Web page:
Melanoma. Question - answer.

What is melanoma?

Melanoma is a malignant tumor of skin or mucous membranes that develops from atypical melanocytes (abnormal pigmented cells).

Why is melanoma dangerous?

Melanoma is one of the most dangerous malignant tumors because it develops metastases in inner organs very early. Patients with metastases in inner organs usually die within a year.

What do patients with melanoma die from?

The cause of all patients died from melanoma is metastases in the brain.

Is it possible to cure patients from melanoma by surgical operation?

It is possible, though at the very beginning of the disease before the stage when cancer stem cells enter the circulatory system and eventually develop metastases. The problem is that 5-8% of melanomas give off cancer stem cells into the blood at the stage when tumor thickness is only 1 mm! But patients do not refer to the doctor with such melanoma size. Actually, most dermatologists and oncologists who examine a patient with melanoma of 1 mm or less consider it a pigmented nevus in half cases and say: “This is a nevus. If it doesn’t disturb you, nothing needs to be done, just visit the hospital periodically for examination.” However, melanoma potential for metastases increases twice with every millimeter of thickness. Thus, 20% of patients die after operation for melanoma of 1-2 mm, 40% of operated patients die if melanoma was 2-4 mm, and 75% of patients die if melanoma was over 4 mm thick. Unfortunately, half of all patients with melanoma refer to the doctor just when the tumor has 4-mm thickness or bigger. Surgical operation in this patient group results in dramatic outcomes.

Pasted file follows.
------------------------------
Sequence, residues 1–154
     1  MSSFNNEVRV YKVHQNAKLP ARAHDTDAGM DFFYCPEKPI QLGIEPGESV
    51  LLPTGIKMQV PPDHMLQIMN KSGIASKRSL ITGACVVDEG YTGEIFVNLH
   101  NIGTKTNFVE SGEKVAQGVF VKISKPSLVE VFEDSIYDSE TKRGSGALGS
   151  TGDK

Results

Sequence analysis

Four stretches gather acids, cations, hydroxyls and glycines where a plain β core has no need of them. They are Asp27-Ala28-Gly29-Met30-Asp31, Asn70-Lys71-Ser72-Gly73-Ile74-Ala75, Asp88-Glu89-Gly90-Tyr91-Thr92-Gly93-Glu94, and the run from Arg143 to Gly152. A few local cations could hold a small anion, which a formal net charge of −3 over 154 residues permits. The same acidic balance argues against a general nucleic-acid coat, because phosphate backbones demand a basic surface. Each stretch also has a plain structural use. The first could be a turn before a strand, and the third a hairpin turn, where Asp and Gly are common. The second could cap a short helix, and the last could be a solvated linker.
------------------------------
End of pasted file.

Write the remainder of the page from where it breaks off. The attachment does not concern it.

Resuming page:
What patients should know about melanoma

People’s belief about melanoma as a plant which can be removed with its roots is an absolute myth. Melanoma has no roots, but instead it has circulating tumor cells (CTC) which appear in the blood when the tumor grows from epidermis into derma. Surgical therapy can be radical ONLY BEFORE THE STAGE when melanoma releases CTC into circulatory system. But at such early stage the patient seldom refers to the doctor because melanoma looks like an ordinary flat black or brown nevus of 5-6 mm in diameter. It does not hurt, does not itch, does not yet disturb the patient in anyway. These are symptoms of advanced malignant process and the patient already has CTC in the circulatory system. If the tumor has already released CTCs in the blood, surgical removal of the tumor leads to CTC activation and transition from blood into tissues where they form metastases.

This happens because inhibitory effect of the primary tumor on CTCs has disappeared. That is why over half of patients after surgical excision of melanoma die from metastases! And it does not matter how big skin margins the surgeon excises – that does not prevent growth of metastases.

Photodynamic therapy can kill not only skin melanoma, but also CTCs in blood; therefore PDT is the first and yet the only method, that really cures melanoma of the skin and mucous membranes. However, there are several mandatory conditions for complete cure by PDT:

  • Primary melanoma should not be exposed to any previous treatment. If melanoma was surgically excised or exposed to radiation therapy, CTCs have already activated and metastases have started growing.
  • Melanoma should not be affected by mechanical trauma or chemical exposure.
  • No melanoma metastases should be revealed in lymph nodes and inner organs.
  • If the above conditions are fulfilled, PDT by Popov’s technology leads to complete cure of melanoma.